Youth crime numbers increase in Waterloo Region in 2023

By CityNews Kitchener Staff

The Waterloo Regional Police Service has revealed statistics on youth crimes last year in Waterloo Region. It comes from Wednesday’s Police Services Board meeting.

The report shows youth crime involvement numbers have stabilized over the last four years, as since 2019, police are having about 15000 interactions per year with youth aged 17 or younger.

Comparing the first three quarters of 2022 to 2023, the number of youth aged 12-17 charged or diverted has also increased. Charges laid increased by 28 per cent, youth diversions have gone up by seven per cent and the total youth involved in crimes rose by 11.5 per cent.

A different comparison of 2022 statistics show a trend of youth violence on the rise as well. Firearms offences saw the largest increase at 48 per cent when compared to 2019.

Police also measure potential factors that cause criminal behaviour in youth, and intimate partner violence appears to play a significant role.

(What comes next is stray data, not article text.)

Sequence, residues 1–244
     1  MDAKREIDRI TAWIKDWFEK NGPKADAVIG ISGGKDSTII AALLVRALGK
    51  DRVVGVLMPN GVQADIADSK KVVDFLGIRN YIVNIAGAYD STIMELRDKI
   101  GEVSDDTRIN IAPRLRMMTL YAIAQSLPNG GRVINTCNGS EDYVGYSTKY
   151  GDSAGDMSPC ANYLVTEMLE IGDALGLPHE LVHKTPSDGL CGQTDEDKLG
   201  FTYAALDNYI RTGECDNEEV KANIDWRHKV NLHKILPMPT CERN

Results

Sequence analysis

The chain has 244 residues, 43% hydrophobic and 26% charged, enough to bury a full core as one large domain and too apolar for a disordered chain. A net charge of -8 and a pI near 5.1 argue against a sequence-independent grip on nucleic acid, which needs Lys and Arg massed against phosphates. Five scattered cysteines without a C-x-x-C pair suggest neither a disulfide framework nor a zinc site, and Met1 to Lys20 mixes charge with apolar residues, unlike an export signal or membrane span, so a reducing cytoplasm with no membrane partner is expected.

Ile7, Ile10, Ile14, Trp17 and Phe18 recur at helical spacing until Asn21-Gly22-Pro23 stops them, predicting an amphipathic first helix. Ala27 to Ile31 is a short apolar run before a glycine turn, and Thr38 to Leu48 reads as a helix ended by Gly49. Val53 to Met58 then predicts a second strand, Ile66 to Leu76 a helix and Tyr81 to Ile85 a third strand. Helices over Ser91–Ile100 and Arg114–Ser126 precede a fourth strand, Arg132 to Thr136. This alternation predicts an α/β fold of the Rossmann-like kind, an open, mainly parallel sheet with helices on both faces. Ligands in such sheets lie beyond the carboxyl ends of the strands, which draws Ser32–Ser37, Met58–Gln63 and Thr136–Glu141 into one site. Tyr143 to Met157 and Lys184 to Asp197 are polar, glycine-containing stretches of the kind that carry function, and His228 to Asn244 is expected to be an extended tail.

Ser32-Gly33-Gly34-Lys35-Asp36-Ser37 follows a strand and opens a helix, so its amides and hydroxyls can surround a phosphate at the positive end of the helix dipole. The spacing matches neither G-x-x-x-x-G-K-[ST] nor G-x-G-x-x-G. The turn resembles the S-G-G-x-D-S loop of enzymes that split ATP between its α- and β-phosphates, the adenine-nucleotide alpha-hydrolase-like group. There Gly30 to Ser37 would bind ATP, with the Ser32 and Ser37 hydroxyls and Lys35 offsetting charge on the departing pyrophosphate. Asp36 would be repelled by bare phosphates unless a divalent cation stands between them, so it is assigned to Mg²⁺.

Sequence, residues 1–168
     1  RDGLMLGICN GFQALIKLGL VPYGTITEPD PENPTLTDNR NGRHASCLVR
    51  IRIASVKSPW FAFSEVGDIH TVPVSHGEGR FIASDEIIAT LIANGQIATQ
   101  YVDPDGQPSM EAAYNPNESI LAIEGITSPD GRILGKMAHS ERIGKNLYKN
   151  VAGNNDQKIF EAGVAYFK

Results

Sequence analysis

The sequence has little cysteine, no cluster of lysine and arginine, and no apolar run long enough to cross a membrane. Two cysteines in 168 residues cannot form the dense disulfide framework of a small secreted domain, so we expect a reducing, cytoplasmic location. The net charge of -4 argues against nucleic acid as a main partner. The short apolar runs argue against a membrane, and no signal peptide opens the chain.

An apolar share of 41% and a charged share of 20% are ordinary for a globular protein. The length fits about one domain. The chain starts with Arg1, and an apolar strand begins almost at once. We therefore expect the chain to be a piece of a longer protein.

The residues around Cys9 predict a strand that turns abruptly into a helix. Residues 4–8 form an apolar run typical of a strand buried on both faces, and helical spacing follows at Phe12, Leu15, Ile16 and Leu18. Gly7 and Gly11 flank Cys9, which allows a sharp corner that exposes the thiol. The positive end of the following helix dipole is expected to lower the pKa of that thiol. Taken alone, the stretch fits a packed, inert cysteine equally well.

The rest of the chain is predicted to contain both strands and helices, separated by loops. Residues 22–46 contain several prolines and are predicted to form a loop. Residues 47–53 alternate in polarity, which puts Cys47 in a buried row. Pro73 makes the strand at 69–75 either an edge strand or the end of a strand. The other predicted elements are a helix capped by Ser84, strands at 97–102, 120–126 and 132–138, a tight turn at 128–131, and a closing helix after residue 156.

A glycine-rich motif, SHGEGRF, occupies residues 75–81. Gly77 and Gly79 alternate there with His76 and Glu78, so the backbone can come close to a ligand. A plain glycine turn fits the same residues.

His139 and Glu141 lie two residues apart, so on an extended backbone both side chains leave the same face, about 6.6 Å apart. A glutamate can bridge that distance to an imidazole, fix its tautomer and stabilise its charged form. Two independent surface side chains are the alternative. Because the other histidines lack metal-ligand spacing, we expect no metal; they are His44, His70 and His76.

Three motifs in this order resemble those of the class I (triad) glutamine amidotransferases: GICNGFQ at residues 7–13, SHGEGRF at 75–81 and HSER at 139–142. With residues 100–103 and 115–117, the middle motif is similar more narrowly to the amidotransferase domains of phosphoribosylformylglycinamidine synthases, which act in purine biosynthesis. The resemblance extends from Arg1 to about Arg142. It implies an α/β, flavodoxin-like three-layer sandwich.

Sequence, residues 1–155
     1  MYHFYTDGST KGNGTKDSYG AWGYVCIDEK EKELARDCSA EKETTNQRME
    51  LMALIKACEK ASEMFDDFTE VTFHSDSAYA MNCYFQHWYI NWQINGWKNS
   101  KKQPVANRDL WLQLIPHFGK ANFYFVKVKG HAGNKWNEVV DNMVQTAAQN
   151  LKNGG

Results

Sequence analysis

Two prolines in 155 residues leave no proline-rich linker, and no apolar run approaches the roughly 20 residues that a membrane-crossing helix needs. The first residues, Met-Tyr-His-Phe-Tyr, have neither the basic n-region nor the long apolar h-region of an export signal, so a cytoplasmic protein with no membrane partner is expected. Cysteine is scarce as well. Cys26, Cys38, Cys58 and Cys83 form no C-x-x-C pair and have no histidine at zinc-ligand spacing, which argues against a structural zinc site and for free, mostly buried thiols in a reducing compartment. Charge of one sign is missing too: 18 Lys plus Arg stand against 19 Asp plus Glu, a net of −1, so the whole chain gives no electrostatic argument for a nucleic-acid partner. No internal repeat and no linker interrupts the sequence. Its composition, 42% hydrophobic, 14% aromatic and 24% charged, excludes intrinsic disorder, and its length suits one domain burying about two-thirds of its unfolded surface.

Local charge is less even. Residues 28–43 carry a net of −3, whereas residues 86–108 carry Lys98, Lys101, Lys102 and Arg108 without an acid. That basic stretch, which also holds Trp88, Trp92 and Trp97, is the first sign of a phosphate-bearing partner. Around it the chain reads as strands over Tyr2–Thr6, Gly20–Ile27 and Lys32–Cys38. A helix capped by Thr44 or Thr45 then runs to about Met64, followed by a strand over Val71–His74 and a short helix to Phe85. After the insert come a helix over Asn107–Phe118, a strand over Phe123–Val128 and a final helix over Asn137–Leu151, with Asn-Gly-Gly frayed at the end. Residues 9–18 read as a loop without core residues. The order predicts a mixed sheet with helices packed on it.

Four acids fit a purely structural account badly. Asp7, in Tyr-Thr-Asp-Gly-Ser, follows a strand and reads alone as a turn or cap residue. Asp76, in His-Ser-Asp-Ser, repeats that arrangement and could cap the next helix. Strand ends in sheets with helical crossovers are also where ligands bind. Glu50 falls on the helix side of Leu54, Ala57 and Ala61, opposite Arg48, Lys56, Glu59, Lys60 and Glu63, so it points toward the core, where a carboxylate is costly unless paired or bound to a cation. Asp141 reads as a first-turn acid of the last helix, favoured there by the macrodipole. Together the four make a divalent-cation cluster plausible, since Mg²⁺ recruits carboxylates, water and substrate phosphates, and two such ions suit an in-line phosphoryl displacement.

WRPS recorded 6700 incidents of intimate partner violence in 2022 and about 2800 of those involved children aged 16 or younger. Uniform Crime Reporting indicated that 26 per cent of those children were involved in more than one police occurrence during the same year, and that they were more likely to be involved with crime through their lifetime.

Chief Mark Crowell said WRPS is staying committed to the Community Safety & Wellbeing Plan to change these trends.

“We look forward over the coming months and years on layering out our total commitment to those positive interventions with youth, crime prevention efforts and those community collaborative connnections that we can make to get people on the better path,” said Crowell.

Regional Councillor and board member Doug Craig added that the numbers are not what the board wants to see.

“For all us, it’s disappointing to see some of the youth statistics… or to listen to the news at night when you find that four youth that been arrested for stealing cars aged 14 to 18. I find that very upsetting,” said Craig, who adds that police are very engaged in the community and believes they are doing the right things through the Community Safety & Wellbeing Plan.

“I think we’re on the right track, we’re doing all the right things,” said Craig. “I think we just need to blow our horn a little louder at times in terms of the positive things the police service is doing.”

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